A second survey was created at the end of the study and was emailed to all nurses who attended the Mandatory Education sessions by Seattle Children’s Hospital (Figure 5). The nurses who participated in the study could volunteer to fill out the survey and give feedback about their participation.
Using responses from crowd workers who successfully completed the survey and passed the attention question, we calculated percentages of correct steps for each video. Responses from crowd workers were limited to “yes”, “no” or “yes but not in correct order” for each step in the video. Based on these results, we were able to calculate the percentage of correct steps per video and also the percentage of success per step based on all of the videos. The analysis was descriptive proof of principle to assess whether crowds were able to identify correct and incorrect steps.
After excluding subjects based on either the pre-survey screening question or the mid-survey attention question, the 34 nursing glucometer task videos received evaluations from 1300 Mechanical Turk™ crowd-workers (average of 38.2 evaluators per video). We received the 1300 evaluations over the course of 3 hours and 54 minutes. The seven Mandatory Education sessions took 28 hours and used self-assessment, by comparison. Without utilizing the evaluations, we observed a trend of shorter task duration with number of steps completed in correct order. The crowd accurately assessed that the expert (Figure 6, Video ID 1) completed the steps and completed them in order. In comparison, the crowd identified nurses who missed steps and/or completed steps out of order (Figure 6).
The crowd determined that three of the videos (Figure 7, Video ID 14, 25, 6) demonstrated frequent errors (at or above 10% missed and/or incorrect ordered steps). Additionally, the crowd identified certain steps that were frequently missed and/or incorrectly ordered by >20% of the nurses (Figure 8, Step # 2, 3, 4, 5, 7, 12). In particular, steps that Mandatory Education deemed “follow-up” steps were some of the most frequently missed (Figure 9). Finally, the feedback survey sent to the nurses showed that the feedback they would find most valuable in competency assessment would be specific comments on how to improve and a video of the gold standard (Figure 10). Also, 62% of the nurses who completed the feedback survey stated that they would “definitely” and/or “probably” use video recordings for assessment if available (Figure 11).
The current methods of assessing competency in healthcare workers such as nurses are not ideal because they are costly, slow, and subjective . Currently, due to the variability between instructors, nurses, new technical skills, and hospital protocols, there is no “gold standard” for assessing nursing technical skills to ensure competency . It isn’t feasible to have 1,400 nurses blindly evaluated by a handful of faculty not only because it would be extremely time consuming for the faculty, but also because it would leave room for subjectivity and unreliable evaluations. CSATS (Crowd Sourced Assessment of Technical Skills) offers an alternative approach. Each nurse received more than 30 anonymous, blinded evaluations in only a few hours, and many of those evaluations include specific criticism. The crowdworkers on the Mechanical Turk™ site are healthcare-naïve and not affiliated with the hospital training programs, and thus are not biased or influenced by expectations of performance.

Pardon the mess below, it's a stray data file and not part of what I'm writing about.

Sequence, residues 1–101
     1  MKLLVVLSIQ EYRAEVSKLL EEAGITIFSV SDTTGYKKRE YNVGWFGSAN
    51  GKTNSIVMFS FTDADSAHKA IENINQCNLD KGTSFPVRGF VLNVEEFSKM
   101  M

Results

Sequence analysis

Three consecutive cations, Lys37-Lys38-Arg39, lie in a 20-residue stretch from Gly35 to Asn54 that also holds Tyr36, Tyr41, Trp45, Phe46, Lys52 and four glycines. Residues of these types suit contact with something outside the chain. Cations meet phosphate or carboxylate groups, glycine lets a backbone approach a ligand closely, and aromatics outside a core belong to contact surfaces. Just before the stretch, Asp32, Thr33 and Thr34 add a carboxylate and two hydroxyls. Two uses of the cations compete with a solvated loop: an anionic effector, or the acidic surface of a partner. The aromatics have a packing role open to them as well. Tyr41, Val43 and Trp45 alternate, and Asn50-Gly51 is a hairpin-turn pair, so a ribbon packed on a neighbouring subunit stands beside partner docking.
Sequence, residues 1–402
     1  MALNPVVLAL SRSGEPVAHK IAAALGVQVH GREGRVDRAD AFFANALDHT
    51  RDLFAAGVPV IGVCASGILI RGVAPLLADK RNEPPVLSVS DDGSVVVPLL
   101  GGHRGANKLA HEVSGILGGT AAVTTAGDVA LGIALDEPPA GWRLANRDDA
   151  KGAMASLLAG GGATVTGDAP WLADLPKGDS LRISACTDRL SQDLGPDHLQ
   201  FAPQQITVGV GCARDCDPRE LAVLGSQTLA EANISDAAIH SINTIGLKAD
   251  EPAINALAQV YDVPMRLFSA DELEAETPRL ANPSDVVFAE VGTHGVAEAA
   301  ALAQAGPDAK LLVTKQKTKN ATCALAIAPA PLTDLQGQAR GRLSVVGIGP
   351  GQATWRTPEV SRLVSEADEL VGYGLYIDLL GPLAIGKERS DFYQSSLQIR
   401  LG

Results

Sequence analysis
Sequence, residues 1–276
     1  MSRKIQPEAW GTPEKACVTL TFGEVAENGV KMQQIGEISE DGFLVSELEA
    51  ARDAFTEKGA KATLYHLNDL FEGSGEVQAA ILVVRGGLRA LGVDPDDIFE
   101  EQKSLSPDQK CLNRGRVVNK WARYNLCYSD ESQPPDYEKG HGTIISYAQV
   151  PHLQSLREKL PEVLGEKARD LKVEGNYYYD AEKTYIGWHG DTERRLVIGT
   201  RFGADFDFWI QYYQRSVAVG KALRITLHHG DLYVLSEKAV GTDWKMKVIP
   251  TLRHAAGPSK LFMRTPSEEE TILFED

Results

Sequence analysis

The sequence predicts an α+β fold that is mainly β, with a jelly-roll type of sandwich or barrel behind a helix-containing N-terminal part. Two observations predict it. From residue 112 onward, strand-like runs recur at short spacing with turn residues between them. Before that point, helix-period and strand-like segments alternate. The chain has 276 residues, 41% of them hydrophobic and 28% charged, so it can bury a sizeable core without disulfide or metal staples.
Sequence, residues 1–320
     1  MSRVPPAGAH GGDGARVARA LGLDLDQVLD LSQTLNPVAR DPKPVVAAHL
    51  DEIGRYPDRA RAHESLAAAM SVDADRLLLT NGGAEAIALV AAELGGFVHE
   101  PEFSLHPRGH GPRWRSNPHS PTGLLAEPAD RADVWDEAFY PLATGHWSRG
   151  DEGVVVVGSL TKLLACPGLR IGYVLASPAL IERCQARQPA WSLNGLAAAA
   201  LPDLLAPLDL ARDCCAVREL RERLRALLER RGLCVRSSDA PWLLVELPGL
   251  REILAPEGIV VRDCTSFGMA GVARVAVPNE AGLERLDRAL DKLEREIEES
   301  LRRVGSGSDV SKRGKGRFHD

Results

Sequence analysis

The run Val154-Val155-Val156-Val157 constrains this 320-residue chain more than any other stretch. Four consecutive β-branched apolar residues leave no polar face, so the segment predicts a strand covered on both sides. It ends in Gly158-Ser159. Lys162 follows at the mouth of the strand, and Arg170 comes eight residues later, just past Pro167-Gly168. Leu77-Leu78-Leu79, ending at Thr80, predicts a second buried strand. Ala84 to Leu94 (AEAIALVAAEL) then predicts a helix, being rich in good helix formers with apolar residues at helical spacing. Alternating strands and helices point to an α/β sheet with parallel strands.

CSATS could be a valuable triage tool for nurse educators. Future applications could include building a training kiosk where nurses or other healthcare professionals could demonstrate a dry-run of a bedside technical skill. The video could be recorded, immediately uploaded to a crowdsourcing site along with an evaluation tool, and the individual could have results near-immediately. For example, nurses could take 15 minutes of their shift to read through instructions and record themselves using the glucometer. The education team could upload an evaluation tool to a crowdsourcing site and establish a passing or failing grade. The crowdsourced feedback could be used to triage the nurses according to their skill level, thus allowing those who demonstrate competency to not waste valuable time with unneeded training, and offering specific, tailored advice to those who require more education. Moreover, as demonstrated in our results, the education team may discover from the crowd-sourced data that many nurses frequently miss a certain step. This could lead to re-education regarding that step for all nurses.
A limitation of this study is that it was a relatively simple task that could all be done in one area, without other healthcare providers, patients, or devices. Many other technical skills performed by nurses are done at the bedside or in clinic. Continuations of this study could broaden the scope of CSATS with assessing more complex technical skills.
Our study showed that healthcare-naïve crowd workers can assess technical skill proficiency rapidly and accurately at nominal cost. CSATS may be a valuable tool to assist educators/supervisors in creating targeted training curricula for nurses in need of follow up while rapidly identifying nurses whose technical skills meet expectations, thus, dramatically reducing the resource burden for nursing training.